Explore the outer reef with a maximum of 48 guests on this Great Barrier Reef tour from Port Douglas. The fully qualified crew spend time in the water with guests, assisting those that need it and highlighting points of interest. Snorkelling gear and lunch are included. Duration: 8.5 hours (approx.)
‘I glide gracefully through an ancient world; prehistoric creatures of the sea swim past to the rhythmic cacophony of bubbles and muffled deep breaths; I am surrounded by the living ecology of the coral reef; in the vastness of her natural beauty, I feel so small.’
I have to admit that there’s a moment when I would rather stay tucked up in bed in my hotel, than tackle the drive from Cairns to Port Douglas, then the unfamiliar underwater world on a Great Barrier Reef snorkelling trip with Wavelength Reef Cruises. I pass through roundabout after roundabout, until the tarmac leads me onto one of the world’s most spectacular coastal drives. As the sun slowly rises over the glistening cobalt blue sea, I know I have made the right decision.
North Queensland’s Great Barrier Reef is made up of more than three thousand individual reefs. It’s a true Australian treasure. This UNESCO World Heritage-listed site is recognised as one of the seven natural wonders of the world.
The up-market resort town of Port Douglas is the gateway to Low Isles, Agincourt and Opal Reef — a ribbon of outer reef that features clear water, stunning coral, and diverse marine life. The Crystalbrook Superyacht Marina in Port Douglas is the boarding point for my tour with Wavelength Reef Cruises. Each cruise has a maximum of 48 guests and visits three snorkelling sites from a choice of 12. Many of the sites can’t be accessed by larger boats.
The appeal for me runs deeper than just being part of a smaller group. Many of the crew are qualified marine biologists and can impart a wealth of knowledge to guests about the Great Barrier Reef.
Our vessel — Wavelength 4 — is a modern catamaran, designed to provide a smooth and stable ride in open sea conditions. Sunny and warm, the 90-minute ride out to the edge of the continental shelf is a highlight of the day in itself. We’ve certainly lucked it with the weather.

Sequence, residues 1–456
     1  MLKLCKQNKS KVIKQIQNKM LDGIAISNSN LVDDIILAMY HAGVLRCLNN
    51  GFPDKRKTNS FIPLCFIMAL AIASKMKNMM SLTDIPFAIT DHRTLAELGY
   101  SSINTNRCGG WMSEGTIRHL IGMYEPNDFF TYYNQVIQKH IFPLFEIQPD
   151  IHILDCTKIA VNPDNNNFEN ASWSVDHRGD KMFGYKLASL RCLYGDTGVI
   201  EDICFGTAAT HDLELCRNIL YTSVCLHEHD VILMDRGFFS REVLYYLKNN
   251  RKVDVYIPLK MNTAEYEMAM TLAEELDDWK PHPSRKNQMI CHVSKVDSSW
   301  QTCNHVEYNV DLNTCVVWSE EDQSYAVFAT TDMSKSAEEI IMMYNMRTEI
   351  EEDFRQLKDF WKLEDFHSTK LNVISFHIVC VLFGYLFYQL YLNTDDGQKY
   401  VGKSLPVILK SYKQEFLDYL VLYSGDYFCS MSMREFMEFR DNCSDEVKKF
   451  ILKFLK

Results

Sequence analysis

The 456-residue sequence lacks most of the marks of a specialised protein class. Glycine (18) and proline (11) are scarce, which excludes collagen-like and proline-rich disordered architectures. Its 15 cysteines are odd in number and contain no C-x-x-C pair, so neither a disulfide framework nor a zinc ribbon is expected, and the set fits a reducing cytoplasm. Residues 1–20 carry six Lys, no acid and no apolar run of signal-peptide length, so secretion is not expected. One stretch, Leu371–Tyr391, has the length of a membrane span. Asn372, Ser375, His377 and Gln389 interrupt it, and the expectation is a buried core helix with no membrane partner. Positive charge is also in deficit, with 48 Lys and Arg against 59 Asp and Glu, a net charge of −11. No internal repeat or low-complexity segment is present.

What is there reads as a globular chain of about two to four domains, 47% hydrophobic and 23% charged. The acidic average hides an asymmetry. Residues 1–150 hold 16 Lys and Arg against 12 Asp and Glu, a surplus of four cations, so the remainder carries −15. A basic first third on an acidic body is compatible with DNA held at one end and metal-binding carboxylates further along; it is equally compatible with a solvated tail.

Soon the time comes to don our stinger suits. The group of varied nationalities gets a little giggly at the prospect of all-over Lycra, but it’s better to be safe than stung!
The rules are clear: don’t touch the coral, use the safety signals for ‘OK’, ‘not OK’ and ‘I need help’, buddy up with someone and have fun! We put on our flippers and snorkels and prepare to discover the beauty of the world beneath the waves.
A friendly greeting awaits our first dock. A Maori wrasse known to the crew as ‘Angus’ swims around the back of our boat. Taking the plunge, we jump, dive or slide down the stairs into the warm 27-degree water, accompanied by a kaleidoscope of brightly coloured noodles. Yes, some of us need flotation aids. They may make us look like we’re part of a children’s swimming class, but personally I’m thankful for the extra support!
One side of the reef below provides protected shelter for the smaller coral-dwelling fish. The other fronts a deeper ocean channel that caters for larger sea life. Joining Angus beneath us are red bass and Spanish mackerel. The coral ranges from shallow gardens to colourful ‘boulder brains’ that thrive in deeper waters.
After an hour or so in the water, it’s time to return to the boat for morning tea. After all, it’s hungry work being a fish!
With everyone feeling a little more at ease, it’s time to learn more about the reef. We break into three optional groups and the marine biologists on board take us on a 25-minute guided snorkelling tour. Swimming a little deeper, my guide points out a large clam, and under strict supervision we can even touch some of the coral.
We witness a shallow coral releasing a gooey substance that protects it from UV light. The same substance has been tested on humans. I’m surprised and saddened to learn that the chemical Oxybenzone used in our sunscreen lotion is causing great damage to these delicate reefs. I guess you really can love something to death.
As the boat makes its way to our third and final snorkel site — South North Opal — a deli-style lunch is served, and we are free to sun ourselves on the deck or enjoy an interactive educational discussion with one of the marine biologists. I learn what the different coloured corals represent, and more importantly, how warmer sea temperatures are leading to coral bleaching.
South North Opal offers more intricate coral gardens to enjoy. Often it can be too choppy to access this particular site, but today we’re in luck.
Following afternoon tea, we begin the trip home to Port Douglas and watch the sun slowly drop towards the rainforest-clad mountains on the horizon.
Vanessa travelled as a guest of Wavelength Reef Cruises.
Cover image courtesy of Tourism and Events Queensland. Image: Achim Wetz. Additional images: Bigstock
Vanessa O’Hanlon is an Australian television news presenter with the Nine Network and an avid traveller. Her travels began with a flight to Egypt, a visit to the pyramids and a camel ride, and she knew there was no turning back. Since then, Vanessa’s backpack has seen a thing or two — from exploring relatively untouched Bhutan to braving the cold on the peaks of Mount Kilimanjaro.